Farther north in Russia, the legal quota for hunting gray whales is about 135 a year. Aboriginal whaling of gray whales and other species continues in Alaska, Greenland, Russia, and the Caribbean, and it's incredibly important for many countries that don't have the luxury of being able to farm or ranch. The International Whaling Commission has recognized that these people need to hunt whales in order to survive.
But in order for a hunt to be sustainable and for quotas to be established, it's critical to know the number of whales. Our team found two land-based places along the California coast where people are dedicated to counting the whales as they migrate. South of Los Angeles, the American Cetacean Society runs a totally volunteer effort for half the year. Trained volunteers scan the horizon with binoculars and count whales. Farther north at Piedras Blancas, south of Big Sur, the National Marine Fisheries Service conducts the official annual count. Researchers here developed an ingenious technique to monitor the basic health of the gray whale population and to predict problems, much like the population decline of 1999-2000.
By mounting a camera to the underbelly of a plane, researchers found they could take accurate aerial photographs of the southbound, pregnant female whales and could identify the same whale going north with her calf. By comparing the whale's width to length over successive years, it was possible to determine if the whales were well fed, a predictor of successful recruitment of calves. In 1999 and 2000, the whales appeared thin, even going south, and emaciated on the return north. It was this year that as many as 6,000 to 8,000 whales disappeared from a population high of 26,000.
To our surprise, we also found a group of whales that don't migrate to the Arctic to feed. Off the coasts of Oregon and Washington, scientists are identifying a group of resident whales that have found an alternative source of food-tiny mysid shrimp-in quantities to sustain them. In the bad years of 1999 and 2000, these resident whales were only slightly affected and 95% of them survived.
We began to understand that the conditions of the Arctic feeding grounds are the most important factor, and sometimes the most serious obstacle, to the whales' survival.
The ominous picture is that global warming may be affecting their Arctic food source, tiny amphipods, shrimp-like creatures that thrive or fail depending on the temperature of the water. We now know that over the last three decades, global warming has added to a 30% loss in the Bering Sea of the gray whale's main food. Warmer ocean temperatures mean less food for gray whales. It now seems clear that, in spite of the many obstacles along their migration route, one-third of the whales died in 1999 and 2000 because they were starving.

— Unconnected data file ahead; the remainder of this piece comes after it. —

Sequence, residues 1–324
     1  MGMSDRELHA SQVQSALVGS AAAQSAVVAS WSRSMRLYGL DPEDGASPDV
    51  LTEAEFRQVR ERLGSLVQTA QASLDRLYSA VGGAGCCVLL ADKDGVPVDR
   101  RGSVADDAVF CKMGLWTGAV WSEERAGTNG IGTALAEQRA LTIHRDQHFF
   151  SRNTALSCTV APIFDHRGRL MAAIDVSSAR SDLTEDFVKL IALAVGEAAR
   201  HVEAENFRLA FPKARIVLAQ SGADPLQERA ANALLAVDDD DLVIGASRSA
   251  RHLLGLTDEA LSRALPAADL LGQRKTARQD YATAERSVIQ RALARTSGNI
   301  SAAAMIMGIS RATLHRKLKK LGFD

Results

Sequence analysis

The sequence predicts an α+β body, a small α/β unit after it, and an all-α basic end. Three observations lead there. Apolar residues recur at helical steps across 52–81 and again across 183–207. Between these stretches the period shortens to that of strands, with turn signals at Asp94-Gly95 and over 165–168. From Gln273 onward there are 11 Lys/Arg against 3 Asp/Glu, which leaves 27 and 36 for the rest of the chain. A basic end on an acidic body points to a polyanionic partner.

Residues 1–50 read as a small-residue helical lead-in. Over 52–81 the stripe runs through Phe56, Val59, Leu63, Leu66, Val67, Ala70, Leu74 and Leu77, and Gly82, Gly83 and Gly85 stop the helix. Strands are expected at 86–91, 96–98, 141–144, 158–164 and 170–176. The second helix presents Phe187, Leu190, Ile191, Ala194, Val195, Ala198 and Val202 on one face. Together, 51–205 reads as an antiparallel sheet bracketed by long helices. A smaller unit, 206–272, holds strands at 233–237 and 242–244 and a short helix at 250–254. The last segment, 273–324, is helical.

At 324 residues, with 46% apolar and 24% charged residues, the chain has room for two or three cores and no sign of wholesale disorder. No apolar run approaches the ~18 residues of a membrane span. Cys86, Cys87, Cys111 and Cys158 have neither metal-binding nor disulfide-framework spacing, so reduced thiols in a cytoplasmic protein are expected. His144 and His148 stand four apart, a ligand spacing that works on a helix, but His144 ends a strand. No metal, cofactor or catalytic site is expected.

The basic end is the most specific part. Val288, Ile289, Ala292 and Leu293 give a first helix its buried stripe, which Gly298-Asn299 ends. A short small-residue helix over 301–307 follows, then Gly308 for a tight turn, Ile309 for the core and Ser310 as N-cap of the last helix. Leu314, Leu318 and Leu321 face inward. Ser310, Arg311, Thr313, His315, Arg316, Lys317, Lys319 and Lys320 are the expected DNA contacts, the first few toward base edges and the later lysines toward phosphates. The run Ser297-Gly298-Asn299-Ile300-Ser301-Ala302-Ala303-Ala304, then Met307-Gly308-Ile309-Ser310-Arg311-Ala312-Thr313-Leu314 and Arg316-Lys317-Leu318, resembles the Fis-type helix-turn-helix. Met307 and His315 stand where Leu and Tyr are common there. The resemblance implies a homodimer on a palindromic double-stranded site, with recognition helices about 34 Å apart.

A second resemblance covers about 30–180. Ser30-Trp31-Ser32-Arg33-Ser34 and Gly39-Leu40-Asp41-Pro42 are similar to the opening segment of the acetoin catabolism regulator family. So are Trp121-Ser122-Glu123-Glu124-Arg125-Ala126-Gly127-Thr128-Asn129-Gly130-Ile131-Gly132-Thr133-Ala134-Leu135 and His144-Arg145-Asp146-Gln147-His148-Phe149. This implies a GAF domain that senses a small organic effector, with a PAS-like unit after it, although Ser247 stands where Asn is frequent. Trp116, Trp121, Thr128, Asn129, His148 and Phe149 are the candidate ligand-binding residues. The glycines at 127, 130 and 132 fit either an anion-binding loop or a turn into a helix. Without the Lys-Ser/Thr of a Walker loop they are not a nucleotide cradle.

With the exception of the killer whales, the obstacles we encountered in the company of gray whales were all a byproduct of human activity. If the whales are threatened, it is from death by a thousand cuts, so everything we can do to mitigate our presence in the sea will help the whales. And clearly, we must come to terms with the effects of global warming.
At the most remote part of the migration, seemingly far from any human impact, we found the whales' greatest vulnerability in the form of global warming -- possibly the greatest influence of human activity.
Standing on a frozen beach in a howling Arctic wind, we saw a gray whale surface and its heart-shaped exhalation quickly disappeared in the wind. It was clear that there is nowhere remote enough to be entirely free of human impact. The gray whale, as much as any wild animal, is forced into close contact with us as it leads its normal life. Along this voyage, we learned how close we actually are to this whale: despite the enormous gulf between us, it's still possible to find a human equivalent for virtually every bone in the gray whale's body. It is a similar, warm-blooded heart that beats in the cold sea.